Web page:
Being that they are merely Sensei [RAW]s in elaborate disguise, the CoD Black Ops II and Diablo III mice have some predictable hardware under the hood. The combination of a 16-bit MCU, Japanese Omron D2FC-F-7N equipped primary buttons, TTC side buttons, 16% UPE Teflon coverage, and Avago ADNS-A9500 optical sensor is a great package if you're looking for a serious gaming mouse to use with a single computer. The original Sensei remains the only option for those wanting to retain their mouse profiles while travelling between machines. Being that I am relegated to a single desktop as most gamers are, I'm personally more comfortable with losing out on this party trick if it means keeping an extra $20 in my wallet. Being able to track at up to 150 inches per second and 5670 counts per inch with 30G of acceleration is still nothing to scoff at.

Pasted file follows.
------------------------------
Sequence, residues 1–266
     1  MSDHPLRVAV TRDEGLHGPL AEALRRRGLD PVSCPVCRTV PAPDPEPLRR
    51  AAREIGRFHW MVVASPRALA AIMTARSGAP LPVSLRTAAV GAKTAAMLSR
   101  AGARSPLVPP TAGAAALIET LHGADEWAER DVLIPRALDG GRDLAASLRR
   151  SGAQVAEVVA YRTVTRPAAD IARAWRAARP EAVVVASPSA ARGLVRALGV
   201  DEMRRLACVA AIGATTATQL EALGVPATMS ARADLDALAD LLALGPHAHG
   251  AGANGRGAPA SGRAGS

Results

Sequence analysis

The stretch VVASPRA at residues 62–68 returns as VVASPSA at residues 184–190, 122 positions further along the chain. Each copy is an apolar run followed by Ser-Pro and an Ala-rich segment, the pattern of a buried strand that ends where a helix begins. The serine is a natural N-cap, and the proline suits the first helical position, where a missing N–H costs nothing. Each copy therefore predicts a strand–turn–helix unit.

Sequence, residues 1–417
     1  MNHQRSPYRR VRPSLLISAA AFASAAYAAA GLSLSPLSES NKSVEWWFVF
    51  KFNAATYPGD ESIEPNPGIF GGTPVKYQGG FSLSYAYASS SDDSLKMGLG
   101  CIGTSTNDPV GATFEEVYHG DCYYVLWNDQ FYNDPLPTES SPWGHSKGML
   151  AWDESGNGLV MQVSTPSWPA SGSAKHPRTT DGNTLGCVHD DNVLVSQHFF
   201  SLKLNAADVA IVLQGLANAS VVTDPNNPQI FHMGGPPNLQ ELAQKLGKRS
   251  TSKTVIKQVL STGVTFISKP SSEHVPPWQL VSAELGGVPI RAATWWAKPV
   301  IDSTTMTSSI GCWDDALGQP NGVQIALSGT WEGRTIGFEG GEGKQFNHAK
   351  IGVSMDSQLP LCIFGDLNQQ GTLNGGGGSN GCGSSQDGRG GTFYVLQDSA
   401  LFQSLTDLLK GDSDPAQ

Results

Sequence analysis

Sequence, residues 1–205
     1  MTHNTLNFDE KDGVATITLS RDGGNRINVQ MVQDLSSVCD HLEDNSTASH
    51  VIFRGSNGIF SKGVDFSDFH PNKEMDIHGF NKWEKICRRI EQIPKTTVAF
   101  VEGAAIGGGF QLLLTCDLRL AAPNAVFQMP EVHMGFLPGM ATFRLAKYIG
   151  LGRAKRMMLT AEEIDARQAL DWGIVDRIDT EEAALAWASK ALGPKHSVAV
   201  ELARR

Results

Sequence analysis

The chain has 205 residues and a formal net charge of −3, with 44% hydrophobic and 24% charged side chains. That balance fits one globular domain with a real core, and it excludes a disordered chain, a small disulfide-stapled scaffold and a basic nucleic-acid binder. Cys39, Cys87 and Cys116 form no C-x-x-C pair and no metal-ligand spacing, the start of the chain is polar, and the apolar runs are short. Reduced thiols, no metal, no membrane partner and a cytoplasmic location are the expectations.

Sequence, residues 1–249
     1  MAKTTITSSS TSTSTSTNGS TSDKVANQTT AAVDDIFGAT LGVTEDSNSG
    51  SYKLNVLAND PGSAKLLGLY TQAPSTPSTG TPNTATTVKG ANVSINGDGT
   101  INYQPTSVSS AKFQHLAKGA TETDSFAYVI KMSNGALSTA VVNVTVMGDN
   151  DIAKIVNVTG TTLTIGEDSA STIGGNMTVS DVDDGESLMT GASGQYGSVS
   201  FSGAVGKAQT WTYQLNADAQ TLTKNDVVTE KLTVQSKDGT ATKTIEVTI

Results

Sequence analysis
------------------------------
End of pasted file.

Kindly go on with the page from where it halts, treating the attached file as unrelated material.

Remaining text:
The Sensei [RAW] platform still offers a great amount of personalization via the SteelSeries Engine, where an unlimited number of user profiles can be created, each with its own grouping of LED brightness, CPI sensitivity, FPS rate, and macro assignment settings. The ease of navigation and simplicity of the graphic interface on the SteelSeries Engine makes accessing, modifying, and applying these advanced options as easy as a few clicks. Users can also track their button usage within matches to get a better idea of how to setup their macros more efficiently. More information on the SteelSeries Engine and additional screenshots can be found in our review of the original SteelSeries Sensei.